PBX in a Flash in a nutshell

Posted on December 20, 2013 by

This week, PBX in a Flash updated from to As with any software update, the changes are incremental. But there are a few key compatibility upgrades that punch up features and functionality.


Two major advancements are the availability of the new CentOS 6.5 (up from 6.4) operating system and the inclusion of Asterisk 12 beta (in addition to the tried-and-true Asterisk 10 and 11). What does that mean? Let’s take a look.

Updated OS

The new CentOS 6.5 delivers a few enhancements including updated security and locked in PTP support. Here’s a more complete list from the CentOS website detailing what’s included in the update:

  • The Precision Time Protocol – previously a technology preview – is now fully supported. The following drivers support network time stamping: bnx2x, tg3, e1000e, igb, ixgbe, and sfc.
  • OpenSSL has been updated to version 1.0.1.
  • OpenSSL and NSS now support TLS 1.1 and 1.2.
  • KVM received various enhancements. These include improved read-only support of VMDK- and VHDX-Files, CPU hot plugging and updated virt-v2v-/virt-p2v-conversion tools.
  • Hyper-V and VMware drivers have been updated.
  • Updates to Evolution (2.32) and Libre Office (4.0.4).

Asterisk 12 Beta

The beta release of Asterisk 12 includes new SIP channel driver, and other architectural enhancements features such as a new interface. If you are up for playing around with a work in progress, it could be fun to give the beta a try. A few of our ops engineers have and found it pretty good. But as with any beta, don’t expect full release stability. Clicking the link above will get you all the gory details about what’s new for 12, but here’s a list of highlights direct from the site:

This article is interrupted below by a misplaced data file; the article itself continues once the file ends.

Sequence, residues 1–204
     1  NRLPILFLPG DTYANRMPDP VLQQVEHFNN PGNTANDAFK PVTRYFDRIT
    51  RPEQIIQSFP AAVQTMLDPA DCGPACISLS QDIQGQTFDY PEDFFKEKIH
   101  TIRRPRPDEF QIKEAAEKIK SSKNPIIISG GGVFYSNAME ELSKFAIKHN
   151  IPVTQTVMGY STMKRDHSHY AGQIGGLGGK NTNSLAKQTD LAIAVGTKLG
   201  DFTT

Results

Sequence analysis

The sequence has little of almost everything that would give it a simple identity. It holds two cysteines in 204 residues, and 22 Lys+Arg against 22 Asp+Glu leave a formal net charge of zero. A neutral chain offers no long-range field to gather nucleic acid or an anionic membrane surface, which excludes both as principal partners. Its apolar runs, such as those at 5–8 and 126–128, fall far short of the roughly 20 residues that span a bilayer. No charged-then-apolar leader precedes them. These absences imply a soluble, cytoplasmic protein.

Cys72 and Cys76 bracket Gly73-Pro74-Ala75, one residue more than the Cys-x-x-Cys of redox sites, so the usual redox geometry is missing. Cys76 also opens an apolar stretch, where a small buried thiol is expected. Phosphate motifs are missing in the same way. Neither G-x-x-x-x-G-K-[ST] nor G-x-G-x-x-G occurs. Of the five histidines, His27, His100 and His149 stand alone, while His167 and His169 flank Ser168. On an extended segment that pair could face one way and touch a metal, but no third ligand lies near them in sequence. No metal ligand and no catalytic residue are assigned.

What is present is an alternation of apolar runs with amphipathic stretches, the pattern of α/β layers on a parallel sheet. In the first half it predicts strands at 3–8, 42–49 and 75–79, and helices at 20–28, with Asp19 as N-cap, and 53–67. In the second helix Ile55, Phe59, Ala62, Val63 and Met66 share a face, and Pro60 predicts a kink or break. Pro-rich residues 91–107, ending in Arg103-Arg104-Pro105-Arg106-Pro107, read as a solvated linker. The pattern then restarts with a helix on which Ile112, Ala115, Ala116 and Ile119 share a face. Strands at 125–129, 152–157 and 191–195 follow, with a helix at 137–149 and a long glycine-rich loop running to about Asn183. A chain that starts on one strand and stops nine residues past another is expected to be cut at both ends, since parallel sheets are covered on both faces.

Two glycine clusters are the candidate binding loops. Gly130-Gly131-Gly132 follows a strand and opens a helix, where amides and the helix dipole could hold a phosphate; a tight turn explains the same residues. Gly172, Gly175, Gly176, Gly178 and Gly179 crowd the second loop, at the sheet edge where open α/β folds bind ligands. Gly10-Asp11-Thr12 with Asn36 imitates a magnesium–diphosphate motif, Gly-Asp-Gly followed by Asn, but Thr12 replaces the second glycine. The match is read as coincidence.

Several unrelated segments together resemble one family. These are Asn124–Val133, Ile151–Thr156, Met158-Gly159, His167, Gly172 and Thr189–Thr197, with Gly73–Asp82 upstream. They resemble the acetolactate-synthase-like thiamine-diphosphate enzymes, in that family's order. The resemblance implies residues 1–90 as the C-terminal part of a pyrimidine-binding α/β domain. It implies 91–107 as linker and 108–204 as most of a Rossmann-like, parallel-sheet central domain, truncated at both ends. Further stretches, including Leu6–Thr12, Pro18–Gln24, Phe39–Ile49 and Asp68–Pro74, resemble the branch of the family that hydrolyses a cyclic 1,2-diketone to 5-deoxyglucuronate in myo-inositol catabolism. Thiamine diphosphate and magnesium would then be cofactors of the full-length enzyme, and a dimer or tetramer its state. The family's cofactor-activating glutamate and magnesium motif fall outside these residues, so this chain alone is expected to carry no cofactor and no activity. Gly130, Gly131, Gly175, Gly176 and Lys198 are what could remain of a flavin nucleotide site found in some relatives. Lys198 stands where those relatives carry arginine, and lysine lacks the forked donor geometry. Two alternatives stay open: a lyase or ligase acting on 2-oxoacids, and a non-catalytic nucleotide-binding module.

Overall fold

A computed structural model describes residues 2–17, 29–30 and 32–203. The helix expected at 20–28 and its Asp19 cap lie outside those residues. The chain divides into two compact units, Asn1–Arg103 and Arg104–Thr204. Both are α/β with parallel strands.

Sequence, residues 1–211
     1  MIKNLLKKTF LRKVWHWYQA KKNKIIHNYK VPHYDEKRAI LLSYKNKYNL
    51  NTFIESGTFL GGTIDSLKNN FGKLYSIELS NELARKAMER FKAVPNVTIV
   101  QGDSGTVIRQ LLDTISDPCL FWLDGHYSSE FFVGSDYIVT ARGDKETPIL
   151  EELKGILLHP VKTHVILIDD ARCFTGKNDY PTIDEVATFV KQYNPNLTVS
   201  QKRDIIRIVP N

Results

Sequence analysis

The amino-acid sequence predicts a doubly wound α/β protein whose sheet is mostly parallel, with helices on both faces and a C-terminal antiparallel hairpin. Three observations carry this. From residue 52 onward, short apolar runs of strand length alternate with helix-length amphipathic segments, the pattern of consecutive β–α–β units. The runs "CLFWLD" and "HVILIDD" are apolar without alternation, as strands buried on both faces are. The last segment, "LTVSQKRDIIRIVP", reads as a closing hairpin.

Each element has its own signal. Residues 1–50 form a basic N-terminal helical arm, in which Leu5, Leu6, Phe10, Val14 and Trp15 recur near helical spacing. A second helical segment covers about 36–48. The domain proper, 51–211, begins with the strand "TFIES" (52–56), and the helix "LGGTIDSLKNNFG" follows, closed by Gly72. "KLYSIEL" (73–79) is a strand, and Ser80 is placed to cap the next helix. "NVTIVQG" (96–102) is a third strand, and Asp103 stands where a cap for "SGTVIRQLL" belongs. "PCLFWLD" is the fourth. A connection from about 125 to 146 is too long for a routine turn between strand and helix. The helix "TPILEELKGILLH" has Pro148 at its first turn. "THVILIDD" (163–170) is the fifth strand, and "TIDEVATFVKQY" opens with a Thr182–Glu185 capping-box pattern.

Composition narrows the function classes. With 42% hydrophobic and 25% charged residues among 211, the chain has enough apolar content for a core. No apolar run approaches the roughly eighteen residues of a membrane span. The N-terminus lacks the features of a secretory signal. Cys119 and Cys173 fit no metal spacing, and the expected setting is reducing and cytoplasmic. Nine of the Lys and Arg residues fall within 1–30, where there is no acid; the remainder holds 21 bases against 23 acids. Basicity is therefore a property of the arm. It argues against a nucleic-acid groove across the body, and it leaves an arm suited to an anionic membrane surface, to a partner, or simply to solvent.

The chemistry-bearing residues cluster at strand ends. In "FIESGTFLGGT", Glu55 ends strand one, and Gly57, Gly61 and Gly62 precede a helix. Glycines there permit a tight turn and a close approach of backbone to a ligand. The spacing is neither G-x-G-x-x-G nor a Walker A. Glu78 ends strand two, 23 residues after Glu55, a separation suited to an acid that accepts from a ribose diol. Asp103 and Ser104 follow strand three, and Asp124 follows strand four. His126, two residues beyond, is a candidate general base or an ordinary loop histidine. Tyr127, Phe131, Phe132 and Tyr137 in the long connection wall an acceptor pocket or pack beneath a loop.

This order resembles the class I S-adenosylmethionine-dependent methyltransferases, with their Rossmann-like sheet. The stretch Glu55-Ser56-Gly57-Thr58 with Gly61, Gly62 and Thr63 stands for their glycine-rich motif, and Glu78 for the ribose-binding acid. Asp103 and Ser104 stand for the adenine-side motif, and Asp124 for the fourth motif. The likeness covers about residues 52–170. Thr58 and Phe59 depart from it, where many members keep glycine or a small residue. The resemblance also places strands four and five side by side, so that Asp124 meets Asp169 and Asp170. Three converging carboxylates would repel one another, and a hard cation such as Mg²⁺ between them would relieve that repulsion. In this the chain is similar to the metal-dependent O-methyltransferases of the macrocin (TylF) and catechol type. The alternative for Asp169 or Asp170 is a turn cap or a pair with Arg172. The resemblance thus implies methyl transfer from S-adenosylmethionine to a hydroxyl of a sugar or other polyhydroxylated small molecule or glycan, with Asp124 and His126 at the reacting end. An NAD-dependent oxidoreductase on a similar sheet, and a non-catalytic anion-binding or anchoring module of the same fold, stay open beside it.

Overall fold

• A new extensible and performant SIP channel driver built on the pjsip SIP stack.
  • Application of the Asterisk bridging framework throughout the project, providing consistency to management of channels while they are in a bridge.
  • Stasis, a new internal message bus that conveys state about channels, bridges, endpoints, devices, and other objects throughout Asterisk.
  • A heavily revamped version of AMI, focusing on improved channel semantics and consistency of event information.
  • A new interface, the Asterisk REST Interface (ARI), which allows an external application to manipulate channels, bridges, and other telephony primitives directly.

What now?

This latest version of PiaF follows the software’s traditions of quick and easy installations. But because there are more than a few (over two dozen) configuration options, you’d do best to plan out your choices in advance. The definitive guide will walk you through all the necessary steps to get up and running with the new platform for newbies and pros alike.